About this work
Max Reger's Variations on a Theme of Mozart, likely the composer's best-known work, was written at a time when atonality was nascent and Schoenberg's realization of the 12-tone method just a decade in the future. But Reger's sympathies lay resolutely without the avant-garde of his day. While possessed of a strong personality, Reger's musical language is clearly indebted to the music of 100 -- even 200 -- years earlier. Indeed, his aesthetic outlook is suggested by a number of works that take the music of Baroque and Classical masters as their point of departure; in addition to the present work, Reger produced variation sets on themes by Bach, Telemann, Hiller, and Beethoven. Perhaps the most distinctive hallmark of Reger's music is the melding of Bachian polyphony with a highly chromatic harmonic language, resulting in works marked sonic richness and elaborate counterpuntal interplay.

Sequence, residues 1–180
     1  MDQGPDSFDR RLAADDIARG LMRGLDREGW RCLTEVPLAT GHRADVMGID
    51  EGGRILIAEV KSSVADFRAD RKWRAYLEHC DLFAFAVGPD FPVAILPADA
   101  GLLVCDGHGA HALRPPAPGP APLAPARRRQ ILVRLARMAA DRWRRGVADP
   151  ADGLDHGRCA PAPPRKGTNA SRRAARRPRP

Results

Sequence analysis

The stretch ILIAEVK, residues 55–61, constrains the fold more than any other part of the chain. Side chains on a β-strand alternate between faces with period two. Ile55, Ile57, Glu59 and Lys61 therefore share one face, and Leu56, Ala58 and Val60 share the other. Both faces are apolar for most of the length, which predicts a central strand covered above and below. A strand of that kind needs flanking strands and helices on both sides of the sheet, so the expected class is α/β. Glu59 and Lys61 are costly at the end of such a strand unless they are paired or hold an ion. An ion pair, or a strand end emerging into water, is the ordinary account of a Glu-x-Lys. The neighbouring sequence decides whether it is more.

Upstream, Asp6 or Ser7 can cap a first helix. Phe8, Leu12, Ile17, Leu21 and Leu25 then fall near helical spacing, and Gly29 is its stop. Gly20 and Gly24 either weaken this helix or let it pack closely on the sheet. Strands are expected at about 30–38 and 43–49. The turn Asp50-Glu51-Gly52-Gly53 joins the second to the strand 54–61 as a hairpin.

Reger's Mozart Variations were originally written for orchestra. As is the case with a number of his works, he made an arrangement for keyboard; that he calls for two pianos provides some hint of the work's complexity. The theme is the delicate air that opens Mozart's Piano Sonata in A major, K. 331; interestingly, Mozart himself used the theme as the basis for a variation movement, as opposed to a more conventional sonata-allegro. Reger's treatment is characterized by increasing abstraction and transformation. Each of the eight variations is more fantastic and distant from its source than the last, both harmonically and rhythmically; in the last dreamlike variation the theme is often unrecognizable within the thicket of Reger's invention. The work closes with an extended fugue whose connection to the source material is oblique indeed; as though coming into focus, however, Mozart's theme becomes plainly recognizable near the end, albeit now in a much grander guise.